Dancing in the dark: multi-medium show brings scary stories to Derry walls

Stories of ghosts and wise women are the perfect ingredients for a frightfully good night at Echo Echo Studios this weekend

When it comes to Halloween, nowhere does it better than Derry~Londonderry, and with lots of fang-tastic events to choose from once again this year, here’s one you definitely don’t want to miss.

From October 27-28, you can enjoy a double dose of spooky entertainment as Ghosts and Legends of the Coven both take to the stage at Echo Echo Studios as a special two-part show. Exploring fear, folk magic and all things ghostly and unsettling, this is theatrical storytelling which promises to send a shiver down your spine…


Written and performed by Gemma Walker-Farren, Ghosts is a one-woman storytelling performance for adults. It weaves together several stories, fusing fact with fiction, myth with ghost story to deliver a ‘uniquely engaging, frightening and relatable experience.’ Directed by Tonya Sheina and with sound, video and lighting design by Barry Davis, it combines a range of mediums to create a suitably atmospheric experience for theatre-goers.

'It’s about our relationship with fear and how it’s an ‘ancient and otherworldly’ feeling,' says Walker-Farren. 'It’s about the ghosts we carry with us and how we can sometimes be ghosts in our own lives.'

Having previously received funding from the Arts Council of Northern Ireland to explore movement with text at Echo Echo Studios, Walker-Farren compiled various written material which resonated with her for the project.

'All the stuff I brought in turned out to be really dark,' she says. 'So we started looking at why we like this sort of thing and ended up going really deep into exploring fear. At the end of the three weeks we decided we really wanted to make something and that’s where Ghosts came from.'

Moving from childhood fears to the anxiety of adulthood, Ghosts also draws on Greek myths and other ghostly tales, taking the audience from ‘claustrophobic bedrooms to the vast halls of Hades, with horror and heartbreak in between.’

'We’re adding new material to the Halloween show, which piloted back in June,' says Walker-Farren. 'It’s autobiographical up to a point but also mixed in with fantasy, ghost stories and dreams. So, it’s personal to me but also universal.

'Barry has been incredible with the soundscape and projections. We have no set but it’s really beautiful how he has arranged it. The way he plays with space using the technology is very dreamlike and unsettling.'

Described by audiences who attended the pilot performance as ‘dark and funny and creepy,’ ‘beautifully well-crafted and well-acted,’ and ‘a brave piece of work,’ Ghosts plays on the idea that sometimes, the scariest stories are the ones we tell ourselves.

'It feels quite abstract and experimental because it’s a mix of all these different stories,' says Walker-Farren. 'It doesn’t matter if you’ve never seen something like this before, or if you go to performances all the time, I think you’ll enjoy it.'

Abby and Gemma

(L-R) Abby Oliveira and Gemma Walker-Farren

Legends of the Coven

Moving on to the other half of the show, Legends of the Coven is performed by spoken word artist/performer Abby Oliveira, with video by Mel Bradley. It focuses the audience’s attention on the world’s witch women, or wise women, including Marie Laveau, HP Blavatsky, Biddy Early and Maud Gonne.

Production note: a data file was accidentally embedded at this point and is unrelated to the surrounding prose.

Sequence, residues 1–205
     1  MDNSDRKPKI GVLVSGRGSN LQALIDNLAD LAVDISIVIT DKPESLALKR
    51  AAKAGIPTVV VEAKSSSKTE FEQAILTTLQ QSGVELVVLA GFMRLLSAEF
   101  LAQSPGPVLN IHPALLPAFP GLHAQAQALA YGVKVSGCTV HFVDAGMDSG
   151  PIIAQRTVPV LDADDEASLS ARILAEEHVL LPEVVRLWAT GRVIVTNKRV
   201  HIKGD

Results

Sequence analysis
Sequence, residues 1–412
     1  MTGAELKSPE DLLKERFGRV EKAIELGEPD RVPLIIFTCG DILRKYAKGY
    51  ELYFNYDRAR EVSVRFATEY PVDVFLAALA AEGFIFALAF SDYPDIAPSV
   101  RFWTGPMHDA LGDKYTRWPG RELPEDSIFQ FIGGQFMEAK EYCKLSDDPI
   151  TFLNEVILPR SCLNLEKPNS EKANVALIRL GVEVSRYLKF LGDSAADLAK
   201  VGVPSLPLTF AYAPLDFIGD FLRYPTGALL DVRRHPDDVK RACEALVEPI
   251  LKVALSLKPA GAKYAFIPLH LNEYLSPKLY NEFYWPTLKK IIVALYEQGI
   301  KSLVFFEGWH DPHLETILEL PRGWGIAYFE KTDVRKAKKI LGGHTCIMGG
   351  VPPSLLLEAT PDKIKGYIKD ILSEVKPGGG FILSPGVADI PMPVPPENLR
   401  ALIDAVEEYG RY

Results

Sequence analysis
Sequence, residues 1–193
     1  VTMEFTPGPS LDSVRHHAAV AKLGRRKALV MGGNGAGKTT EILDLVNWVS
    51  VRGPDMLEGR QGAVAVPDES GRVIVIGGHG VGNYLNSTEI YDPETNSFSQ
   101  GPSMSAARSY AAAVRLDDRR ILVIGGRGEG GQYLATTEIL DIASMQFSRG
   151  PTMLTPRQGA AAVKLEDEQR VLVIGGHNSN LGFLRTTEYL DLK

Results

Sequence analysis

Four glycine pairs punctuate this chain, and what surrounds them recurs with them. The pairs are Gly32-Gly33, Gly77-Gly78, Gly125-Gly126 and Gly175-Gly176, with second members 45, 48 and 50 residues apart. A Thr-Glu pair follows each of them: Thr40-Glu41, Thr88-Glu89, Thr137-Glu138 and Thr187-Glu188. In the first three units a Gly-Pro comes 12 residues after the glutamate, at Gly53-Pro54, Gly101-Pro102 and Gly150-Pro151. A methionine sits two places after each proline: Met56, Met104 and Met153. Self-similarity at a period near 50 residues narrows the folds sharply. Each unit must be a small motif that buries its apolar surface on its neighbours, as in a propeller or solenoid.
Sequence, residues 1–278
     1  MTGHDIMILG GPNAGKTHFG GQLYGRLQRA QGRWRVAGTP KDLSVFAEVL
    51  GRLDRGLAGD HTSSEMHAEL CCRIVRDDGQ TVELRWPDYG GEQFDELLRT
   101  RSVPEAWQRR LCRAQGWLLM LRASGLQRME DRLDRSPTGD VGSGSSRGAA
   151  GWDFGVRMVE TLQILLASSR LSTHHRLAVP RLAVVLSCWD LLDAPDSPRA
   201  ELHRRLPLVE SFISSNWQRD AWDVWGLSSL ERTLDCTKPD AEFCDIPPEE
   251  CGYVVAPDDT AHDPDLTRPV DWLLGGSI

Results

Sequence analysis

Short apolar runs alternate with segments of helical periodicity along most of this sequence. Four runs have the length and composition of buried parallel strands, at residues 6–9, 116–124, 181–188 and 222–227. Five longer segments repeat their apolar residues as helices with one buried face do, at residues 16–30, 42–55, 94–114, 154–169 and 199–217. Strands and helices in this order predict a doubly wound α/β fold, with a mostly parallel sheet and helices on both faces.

'I come from a seaside town called Montrose in Scotland, which is heaving with ghost stories,' says Oliveira. 'So I learned a lot about these women growing up. I’m also interested in voodoo as a religion and culture, and how the ceremonies compare to what people do here.

Blavatsky, like most of these wise women, excelled the norms of what was expected from women at that time. She left behind a marriage in Russia and became a woman of means, travelling the world in search of mysteries and becoming highly respected in her field.

'Arthur Conan Doyle and WB Yeats, who were part of the Golden Dawn Society, argued over whether to admit her to that or not,' says Oliveira. 'It was a very male-dominated world, but women have always held a special position in folk magic societies. That’s what interests me. Although, that’s not to say there wasn’t persecution. Biddy Early, who had been very highly respected in Ireland, was denounced from the pulpit and people became scared of saying her name.'

Combining storytelling, spoken-word poetry, music, soundscape and visuals, Legends of the Coven presents stories either inspired by, or about, these particular wise women. Preparation has therefore been suitably challenging, says Oliveira, but the cumulative effect will be worth it.

'I touch on folk cures and folk magic in the show too, which is still a tradition here in Ireland,' she adds. 'Although underground, it’s still very strong. A healer told me recently that since the recession the number of people visiting him has spiked dramatically.'

Although primarily a spoken word artist, it was this work which ultimately sparked Oliveira’s interest in storytelling, which is currently enjoying something of a revival, particularly for adults.

'Young people are getting interested in it as an art form again,' she says. 'I started off doing storytelling for children and then got interested in folk stories for adults. I’ve developed an appreciation for the power of storytelling from that. Seeing the reaction of children and adults when you tell them a story live – the magic of that – is brilliant.

Ghosts & Legends of the Coven - Double Bill takes place at Echo Echo Studios, Hangman's Bastion, Magazine Street, Derry from Saturday, October 27 – 28 at 6pm and 8.30pm. Recommended for adults only. Tickets available from www.echoechodance.com/whatson/ghosts-legends-of-the-coven

Supported by Derry City and Strabane District Council and Arts Council of Northern Ireland.